Join us for our one and only holiday concert this year, to officially celebrate the release of our Christmas album "Home Away from Home." Tickets are available at the door.
The best-known version of (No Man’s Land) The Green Fields of France was recorded by The Furey Brothers and Davey Arthur in 1979.
The song tells the story of a young man lost in World War I. Singer-songwriter Eric Bogle said the story is fictional but based on truth. The Commonwealth War Graves Commission (CWGC) lists five William McBrides who died in France in the war. Three of them have no grave and are listed on memorials to the missing. The Willie McBride who most fits the description is Private William McBride from Lislea, Armagh, who was killed on April 22nd, 1916, right at the time of the Easter Rising. His grave is in Authuile Military Cemetery in northern France.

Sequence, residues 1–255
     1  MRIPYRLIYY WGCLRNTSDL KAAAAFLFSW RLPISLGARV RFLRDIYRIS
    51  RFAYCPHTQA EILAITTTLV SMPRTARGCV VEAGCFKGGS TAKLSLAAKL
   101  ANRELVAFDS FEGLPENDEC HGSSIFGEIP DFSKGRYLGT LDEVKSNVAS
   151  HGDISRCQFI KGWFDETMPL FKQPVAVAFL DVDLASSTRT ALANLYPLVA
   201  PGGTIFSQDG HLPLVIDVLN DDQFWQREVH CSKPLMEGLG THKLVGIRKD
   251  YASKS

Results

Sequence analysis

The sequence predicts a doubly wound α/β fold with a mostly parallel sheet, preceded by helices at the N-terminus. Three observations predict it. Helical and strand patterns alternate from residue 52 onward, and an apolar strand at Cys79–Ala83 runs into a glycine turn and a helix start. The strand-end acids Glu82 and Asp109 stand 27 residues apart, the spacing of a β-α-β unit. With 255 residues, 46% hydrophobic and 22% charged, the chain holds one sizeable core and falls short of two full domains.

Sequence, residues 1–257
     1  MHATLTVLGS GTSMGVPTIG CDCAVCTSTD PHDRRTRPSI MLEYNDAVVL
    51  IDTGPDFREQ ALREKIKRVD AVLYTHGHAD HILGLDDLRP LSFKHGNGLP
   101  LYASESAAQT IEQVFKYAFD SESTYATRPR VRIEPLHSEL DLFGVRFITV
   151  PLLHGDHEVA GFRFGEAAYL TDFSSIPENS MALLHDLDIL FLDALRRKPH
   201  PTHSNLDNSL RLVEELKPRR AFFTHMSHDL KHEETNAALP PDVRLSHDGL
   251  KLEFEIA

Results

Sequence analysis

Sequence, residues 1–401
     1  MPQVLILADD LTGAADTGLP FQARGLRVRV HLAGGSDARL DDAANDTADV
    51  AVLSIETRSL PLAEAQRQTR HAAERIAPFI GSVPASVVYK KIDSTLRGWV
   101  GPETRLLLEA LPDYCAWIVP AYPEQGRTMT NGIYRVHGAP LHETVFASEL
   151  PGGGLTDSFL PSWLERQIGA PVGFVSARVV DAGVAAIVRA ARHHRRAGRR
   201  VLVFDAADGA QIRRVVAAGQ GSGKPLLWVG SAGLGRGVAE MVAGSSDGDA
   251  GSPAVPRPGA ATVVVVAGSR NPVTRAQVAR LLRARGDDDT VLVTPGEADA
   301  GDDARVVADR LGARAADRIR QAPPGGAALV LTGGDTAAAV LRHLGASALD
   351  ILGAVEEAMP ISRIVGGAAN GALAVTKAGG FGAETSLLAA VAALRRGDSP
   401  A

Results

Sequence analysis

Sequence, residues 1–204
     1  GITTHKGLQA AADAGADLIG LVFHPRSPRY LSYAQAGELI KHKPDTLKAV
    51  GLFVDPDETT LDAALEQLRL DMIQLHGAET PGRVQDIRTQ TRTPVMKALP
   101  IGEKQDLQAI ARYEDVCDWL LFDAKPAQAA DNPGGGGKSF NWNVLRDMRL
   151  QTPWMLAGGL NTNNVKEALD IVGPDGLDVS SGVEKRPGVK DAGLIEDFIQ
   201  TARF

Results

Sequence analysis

Though the song is about Australian involvement in the disastrous Gallipoli campaign, it alludes to Suvla Bay where the 10th (Irish) Division were slaughtered in August 1915. Bogle told the Irish Times, he “wanted to appeal to as many emotional triggers as I could. It doesn’t matter which war you are writing about. The end result is much the same. It is about a lot of dead young boys.”
Today, we honor those who are lost and are thankful for those who served and who have come home.
We're posting a video countdown to Paddy's Day on Facebook. Come visit us over there to see more... but here's what you missed in the last few days...
T minus 24, we've got Luke Tengren sitting in with us at Dillon's Local:
T minus 25, some sax reels from a 2011 concert.
T minus 26, we played a few tunes in our favorite local watering hole:
Join us at the Adams Center in Kingston on Sunday Dec 4 at 3:00 pm for a Celtic Christmas concert celebration.